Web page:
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Anita Krohn Traaseth: Want to change things, be ready to be ridiculed

The only constant thing in life is change. We can decide to ignore it, accept it, we can fight it. It doesn’t really matter. Change will happen anyway. It is the direction it takes and how you can make things better, stop things from going worse and make use of the change, that is different for each person.


I had the chance to listen Anita Krohn Traaseth, CEO of Innovation Norway and one of the key-leaders in Norway, she is titled as “Top 20 Women in Business in Northern Europe”, “Top 50 Most Inspiring Women in European Tech” and “Best Female Leader in the IT Industry”. She was talking about change leadership on a Norwegian-Chamber of Commerce annual event.


As I am fond of Norway, this seminar surely gave a good overview of what Norway is going through. I have been following Anita Krohn Traaseth via Twitter, as she is very active in social media and it was a pleasure to see her “live”. Here are the thoughts I picked out. Just one note – she talked a lot about technology, as it is one key factor in today’s changes in business and economy and really in our everyday lives. I will not mention these topics so much and focus on some of the thought provoking ideas.IMGP9971

“If the time for you is worth saving, you better start swimming” Bob Dylan These were the words by Dagfinn Sørli, ambassador of Norway to Estonia, to start the inspirational seminar. And I think in the light of current events, he (and Bob Dylan) is right. We all need to take action.

Norway’s top leader started the talk about 1970s where it was the foreigners that said that there might be some oil. She reflected that all the opportunities start with opposition. Norwegians didn’t believe that there could be oil. Now, after 44 years, oil has changed the game for Norwegians. Due to the oil, Norway and people born in 1970s could only see the way up-life. That meant that even when there were problems in the world that forced other countries to develop, Norway didn’t have to. In 2014 it changed.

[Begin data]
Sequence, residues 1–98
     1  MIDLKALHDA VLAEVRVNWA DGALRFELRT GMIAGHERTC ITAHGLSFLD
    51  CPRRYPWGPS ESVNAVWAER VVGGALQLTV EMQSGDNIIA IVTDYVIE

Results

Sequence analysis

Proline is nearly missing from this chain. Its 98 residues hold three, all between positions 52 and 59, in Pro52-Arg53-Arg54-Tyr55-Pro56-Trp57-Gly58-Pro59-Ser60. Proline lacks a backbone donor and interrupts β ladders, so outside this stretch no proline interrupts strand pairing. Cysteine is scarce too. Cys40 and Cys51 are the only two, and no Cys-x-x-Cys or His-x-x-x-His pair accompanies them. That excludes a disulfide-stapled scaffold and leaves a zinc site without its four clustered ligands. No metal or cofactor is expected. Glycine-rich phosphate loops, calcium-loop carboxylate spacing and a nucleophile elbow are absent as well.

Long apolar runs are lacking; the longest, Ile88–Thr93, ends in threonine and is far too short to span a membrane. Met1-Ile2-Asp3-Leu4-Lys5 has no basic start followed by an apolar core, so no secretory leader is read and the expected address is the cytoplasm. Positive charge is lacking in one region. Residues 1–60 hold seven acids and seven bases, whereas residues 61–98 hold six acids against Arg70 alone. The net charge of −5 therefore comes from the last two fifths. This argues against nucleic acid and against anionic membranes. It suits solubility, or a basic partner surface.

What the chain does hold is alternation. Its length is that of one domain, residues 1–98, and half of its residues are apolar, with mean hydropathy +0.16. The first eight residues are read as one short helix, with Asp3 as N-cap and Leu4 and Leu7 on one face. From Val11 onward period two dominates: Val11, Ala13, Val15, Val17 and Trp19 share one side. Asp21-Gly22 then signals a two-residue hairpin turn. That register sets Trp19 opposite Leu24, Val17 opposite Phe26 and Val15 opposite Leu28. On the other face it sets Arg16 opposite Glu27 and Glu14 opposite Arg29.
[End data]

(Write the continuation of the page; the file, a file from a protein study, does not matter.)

Some of the new points we have to accept:

  • 60% future jobs are not yet created.
  • we have to create more sustainable, diversified economy.
  • one industry, core industries are not enough.
  • we need to learn from Estonia and China and from other economies, from the countries that have had crisis.
  • When before, knowledge was driven by the engineers who had the power, not by the consumer. With the digital revolution suddenly we are connected and can work everywhere. The power is in the hands of the consumer. It affects security and trade.
  • Today, 7-year-old come up with ideas but they don’t understand the system. Now the question is to make these different generations work together.

We have to create new playbook for Norway to make our economy much more sustainable.